Cilj ovog istraživanja bio je ispitati predviđa li roditeljska ekspresivnost mjerena zasebno za majku i oca te na razini obitelji (dijeljena) djetetovo korištenje dviju strategija regulacije emocija - ponovne kognitivne procjene i ekspresivne supresije – tijekom tranzicije u adolescenciju te istražiti predviđaju li te strategije djetetovu psihološku prilagodbu. Ispitano je i posreduju li strategije regulacije emocija odnose roditeljske ekspresivnosti i djetetove prilagodbe te moderira li djetetova osjetljivost na okolinu te odnose. Istraživački nacrt uključivao je dvije točke mjerenja s razmakom od jedne godine. U prvoj točki mjerenja u istraživanju je sudjelovalo 728 trijada majki, očeva i djece (45.7% dječaci) dobi od 8 do 13 godina. Rezultati su pokazali da dijeljena i zasebna majčina i očeva pozitivna i negativna ekspresivnost nisu predviđale promjene u djetetovom korištenju strategija regulacije emocija. Te odnose nije moderirala djetetova osjetljivost na okolinu. Strategije regulacije emocija mjerene u prvoj točki nisu predviđale promjene u emocionalnim i ponašajnim problemima djece, niti su ti odnosi bili moderirani djetetovom osjetljivošću na okolinu. Emocionalni i ponašajni problemi djece, mjereni u prvoj točki, predviđali su povećanja u korištenju ekspresivne supresije u drugoj točki mjerenja. Strategije regulacije emocija nisu bile medijatori u odnosu dijeljene i zasebne roditeljske ekspresivnosti i promjena u emocionalnim i ponašajnim problemima djece. Očeva i dijeljena pozitivna ekspresivnost roditelja predviđale su smanjenje emocionalnih i ponašajnih problema samo za visoko osjetljivu djecu. Ekspresivna supresija i ponovna kognitivna procjena, mjerene u drugoj točki, predviđale su promjene u emocionalnim i ponašajnim problemima uz kontrolu početnih razina strategija regulacije. Pozitivna veza ekspresivne supresije mjerene u drugoj točki mjerenja i povećanja u ukupnim problemima bila je snažnija za visoko osjetljivu djecu u odnosu na nisko osjetljivu djecu. Provedeno istraživanje nije potvrdilo ulogu roditeljske ekspresivnosti u razvoju dječje regulacije emocija i psihološke prilagodbe tijekom tranzicije u adolescenciju (iznimka je povezanost očeve i dijeljene roditeljske pozitivne ekspresivnosti sa smanjenjem emocionalnih i ponašajnih problema visoko osjetljive djece), ali je pokazalo da su promjene u dječjoj psihološkoj prilagodbi dosljedno povezane s promjenama u ponašanjima kojima djeca nastoje regulirati svoje emocije.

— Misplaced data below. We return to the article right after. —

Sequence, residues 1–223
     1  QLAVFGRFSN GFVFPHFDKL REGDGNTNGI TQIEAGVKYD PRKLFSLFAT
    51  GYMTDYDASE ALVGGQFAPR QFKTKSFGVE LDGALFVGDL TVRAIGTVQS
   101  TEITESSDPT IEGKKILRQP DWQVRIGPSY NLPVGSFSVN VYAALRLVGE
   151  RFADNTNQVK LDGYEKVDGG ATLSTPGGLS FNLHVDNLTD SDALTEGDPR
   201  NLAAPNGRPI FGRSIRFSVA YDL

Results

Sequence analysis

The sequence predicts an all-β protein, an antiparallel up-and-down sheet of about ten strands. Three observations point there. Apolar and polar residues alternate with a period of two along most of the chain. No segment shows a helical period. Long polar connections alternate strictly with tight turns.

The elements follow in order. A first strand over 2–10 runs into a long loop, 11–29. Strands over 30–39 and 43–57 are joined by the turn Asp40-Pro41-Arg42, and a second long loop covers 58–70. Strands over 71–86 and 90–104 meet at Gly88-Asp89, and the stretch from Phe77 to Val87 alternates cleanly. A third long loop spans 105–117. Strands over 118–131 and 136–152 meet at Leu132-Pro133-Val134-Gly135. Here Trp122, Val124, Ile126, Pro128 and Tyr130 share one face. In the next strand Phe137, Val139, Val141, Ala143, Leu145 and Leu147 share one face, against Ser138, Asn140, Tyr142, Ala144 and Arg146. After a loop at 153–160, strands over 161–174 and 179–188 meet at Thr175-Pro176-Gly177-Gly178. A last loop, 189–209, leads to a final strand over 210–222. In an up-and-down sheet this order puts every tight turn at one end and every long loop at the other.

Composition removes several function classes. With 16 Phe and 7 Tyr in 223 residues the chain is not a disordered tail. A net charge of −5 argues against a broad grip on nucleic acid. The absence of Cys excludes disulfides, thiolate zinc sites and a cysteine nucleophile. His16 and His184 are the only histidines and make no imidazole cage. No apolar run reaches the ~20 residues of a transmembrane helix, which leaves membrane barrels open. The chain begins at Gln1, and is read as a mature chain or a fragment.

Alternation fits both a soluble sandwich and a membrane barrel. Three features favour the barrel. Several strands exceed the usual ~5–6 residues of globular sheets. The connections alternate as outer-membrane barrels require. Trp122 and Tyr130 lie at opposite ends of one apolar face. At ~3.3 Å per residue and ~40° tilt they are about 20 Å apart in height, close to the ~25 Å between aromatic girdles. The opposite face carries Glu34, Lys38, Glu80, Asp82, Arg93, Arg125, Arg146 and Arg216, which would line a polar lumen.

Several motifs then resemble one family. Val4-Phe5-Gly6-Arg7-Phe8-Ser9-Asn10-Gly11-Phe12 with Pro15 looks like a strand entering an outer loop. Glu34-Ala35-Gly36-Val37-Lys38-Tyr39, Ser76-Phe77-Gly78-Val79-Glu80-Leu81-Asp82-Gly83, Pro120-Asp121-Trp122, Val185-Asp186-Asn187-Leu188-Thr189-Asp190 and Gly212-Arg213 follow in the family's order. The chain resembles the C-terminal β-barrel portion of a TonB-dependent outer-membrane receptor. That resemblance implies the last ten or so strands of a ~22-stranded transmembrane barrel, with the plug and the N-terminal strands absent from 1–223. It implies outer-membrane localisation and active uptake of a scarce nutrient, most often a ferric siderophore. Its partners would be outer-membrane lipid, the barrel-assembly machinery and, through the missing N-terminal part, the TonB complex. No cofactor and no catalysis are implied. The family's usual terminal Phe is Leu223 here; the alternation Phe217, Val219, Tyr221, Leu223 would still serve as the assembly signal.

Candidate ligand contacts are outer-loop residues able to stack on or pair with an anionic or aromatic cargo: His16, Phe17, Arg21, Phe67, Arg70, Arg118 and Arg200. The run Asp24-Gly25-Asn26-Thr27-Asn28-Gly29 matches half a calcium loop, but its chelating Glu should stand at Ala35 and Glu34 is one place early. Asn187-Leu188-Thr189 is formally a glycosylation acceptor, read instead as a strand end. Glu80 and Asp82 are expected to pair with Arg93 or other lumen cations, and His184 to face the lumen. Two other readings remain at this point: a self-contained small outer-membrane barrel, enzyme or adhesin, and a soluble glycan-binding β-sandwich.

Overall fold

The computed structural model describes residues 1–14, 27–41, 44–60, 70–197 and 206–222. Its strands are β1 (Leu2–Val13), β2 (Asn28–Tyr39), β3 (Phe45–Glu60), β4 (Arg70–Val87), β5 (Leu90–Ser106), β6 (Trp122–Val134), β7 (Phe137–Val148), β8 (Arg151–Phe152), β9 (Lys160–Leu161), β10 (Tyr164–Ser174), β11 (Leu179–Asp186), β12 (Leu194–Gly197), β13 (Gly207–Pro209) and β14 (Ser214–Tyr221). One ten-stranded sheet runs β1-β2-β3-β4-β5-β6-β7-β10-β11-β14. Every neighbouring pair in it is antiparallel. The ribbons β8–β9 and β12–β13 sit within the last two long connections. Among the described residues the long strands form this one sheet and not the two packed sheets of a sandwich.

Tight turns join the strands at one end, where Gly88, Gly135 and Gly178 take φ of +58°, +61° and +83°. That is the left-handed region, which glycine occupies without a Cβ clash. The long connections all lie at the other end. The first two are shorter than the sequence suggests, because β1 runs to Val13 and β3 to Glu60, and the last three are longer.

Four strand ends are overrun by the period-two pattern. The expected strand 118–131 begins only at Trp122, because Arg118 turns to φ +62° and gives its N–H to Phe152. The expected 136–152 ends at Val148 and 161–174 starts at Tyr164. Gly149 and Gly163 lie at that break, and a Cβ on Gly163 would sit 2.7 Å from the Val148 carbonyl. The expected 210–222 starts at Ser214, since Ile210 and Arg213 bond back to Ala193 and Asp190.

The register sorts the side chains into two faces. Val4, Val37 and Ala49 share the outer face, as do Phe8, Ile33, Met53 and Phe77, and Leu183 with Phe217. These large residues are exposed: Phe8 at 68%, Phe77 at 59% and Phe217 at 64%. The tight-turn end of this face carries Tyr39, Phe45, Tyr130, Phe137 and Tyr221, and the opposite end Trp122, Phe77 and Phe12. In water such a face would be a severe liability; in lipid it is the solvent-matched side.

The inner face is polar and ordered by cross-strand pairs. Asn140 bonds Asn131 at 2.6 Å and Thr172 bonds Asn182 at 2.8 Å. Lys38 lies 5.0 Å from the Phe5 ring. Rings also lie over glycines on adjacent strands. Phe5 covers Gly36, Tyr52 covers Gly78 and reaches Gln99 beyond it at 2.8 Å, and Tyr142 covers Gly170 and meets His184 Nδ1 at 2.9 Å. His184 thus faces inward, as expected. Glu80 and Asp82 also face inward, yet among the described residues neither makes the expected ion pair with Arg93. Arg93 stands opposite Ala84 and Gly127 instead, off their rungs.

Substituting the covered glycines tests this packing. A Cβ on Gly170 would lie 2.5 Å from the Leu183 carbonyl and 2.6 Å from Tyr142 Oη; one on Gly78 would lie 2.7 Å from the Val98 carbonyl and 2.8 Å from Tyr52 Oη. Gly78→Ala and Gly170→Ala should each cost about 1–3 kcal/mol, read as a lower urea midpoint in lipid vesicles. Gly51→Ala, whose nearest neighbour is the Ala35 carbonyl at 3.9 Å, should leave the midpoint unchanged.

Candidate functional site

The period of transition to adolescence is considered one of the key periods for the development of emotion regulation skills. Due to numerous developmental changes during this period, children can more flexibly use different emotion regulation strategies. Cognitive reappraisal and expressive suppression are two emotion regulation that develop intensively during adolescence. According to the models of emotion socialization, child’s emotion regulation is a mediator between different types of parental behaviors, including parental selfexpressiveness, and child’s psychological adjustment. In those models, children's individual characteristics, such as environmental sensitivity, are positioned as potential moderators of parental effects. This moderating role of environmental sensitivity is well described within the environmental sensitivity framework. According to this framework, children vary in their susceptibility to different external and internal stimuli. Compared to low-sensitive children, high-sensitive children are hypothesized to be more prone to negative effects in unfavorable contexts, but they also stand to gain more in favorable contexts. The role of the mother’s and father’s positive and negative expressiveness in the development of children’s cognitive reappraisal and expressive suppression use is insufficiently examined in prior studies. Similarly, there is a need for further studies that would explore links between children’s emotion regulation and adjustment during the transition to adolescence while considering their temperamental characteristics. The aim of this study was to examine the full emotion socialization model, with changes in children’s usage of cognitive reappraisal and expressive suppression as mediators between mothers’ and fathers’ expressiveness and changes in children’s emotional and behavioral problems during the transition to adolescence. It was also explored whether children’s environmental sensitivity moderates links in the aforementioned model. This study was conducted as part of the Child Well-being in the Context of the Family project (CHILD-WELL), financed by the Croatian Science Foundation (IP-2019-04-6198). It was a two-wave study spanning one year with 728 mother-father-child triads. Children (45.7% boys) were aged between 8 and 13 years in the first wave. In both waves, children provided data about their own habits of using two emotion regulation strategies (cognitive reappraisal and expressive suppression), environmental sensitivity, and their levels of emotional and behavioral problems. Parents gave information about their own expressiveness within the family in the first study wave. After data cleaning, the main hypotheses were tested by employing both structural equation modeling and path analysis depending on the model complexity. Predictive effects of parental expressiveness were examined at the family level by employing the common fate model, as well as separately for each parent. Hypothesized models were tested in three main steps. Firstly, parental expressiveness was examined as a predictor of changes in children’s emotion regulation strategies. Secondly, it was explored whether emotion regulation strategies measured at baseline predicted changes in emotional and behavioral problems. Thirdly, whole mediational model was tested with emotion regulation use in second wave as a mediator between parental expressiveness and changes in emotional and behavioral problems. Environmental sensitivity was examined as a moderator of all direct and indirect effects. The results showed that positive and negative parental expressiveness in the family context did not predict changes in children’s cognitive reappraisal and expressive suppression. There were no individual effects for mothers or fathers in the prediction of the two child emotion regulation strategies. Furthermore, children’s environmental sensitivity did not moderate the parental effects. There were also no longitudinal links between emotion regulation strategy usage and changes in emotional and behavioral problems, nor were those links moderated by environmental sensitivity. However, there was a small positive longitudinal link between emotional and behavioral problems measured at baseline and changes in expressive suppression. Children with higher emotional and behavioral problems at baseline had increases in expressive suppression a year later. Next, in this study, we did not find moderated indirect effects between parental expressiveness and changes in children’s emotional and behavioral problems, through changes in emotion regulation at different levels of a child’s environmental sensitivity. Changes in expressive suppression and cognitive reappraisal were expectedly linked to changes in emotional and behavioral problems. Decreases in reappraisal and increases in suppression were linked to increases in emotional and behavioral problems. Environmental sensitivity moderated only the direct link between positive parental expressiveness and changes in emotional and behavioral problems and the link between expressive suppression measured at the second wave and changes in emotional and behavioral problems. Only for children with high levels of environmental sensitivity, there was a negative link between family-level positive expressiveness and changes in emotional and behavioral problems. Compared to low-sensitive children, highly sensitive children whose parents had high positive expressiveness experienced lower total problems a year later. The father’s positive expressiveness showed a similar pattern of interactive effect with environmental sensitivity in the prediction of emotional and behavioral problems. Lastly, compared to low-sensitive children, for high-sensitive children, there was a stronger positive link between expressive suppression measured at the second wave and changes in emotional and behavioral problems. Patterns of significant interaction effects support the differential susceptibility model according to which highly sensitive children have more positive outcomes in positive contexts and more negative outcomes in negative contexts. Overall, this study did not provide evidence about the importance of parental expressiveness in two-parent families for the development of cognitive reappraisal and expressive suppression during the transition to adolescence. This result should be cautiously interpreted while considering selection bias. Similarly, this study does not provide enough evidence about the direction of prospective links between emotion regulation strategy usage and psychological adjustment. However, changes in both emotion regulation strategies were consistently linked with changes in psychological adjustment. Although these results do not allow for causal interpretations, they demonstrate consistent interrelatedness of changes in mental health and behaviors used to modulate emotions. Lastly, this study supports differential susceptibility model and points to the importance of considering child characteristics in developmental models.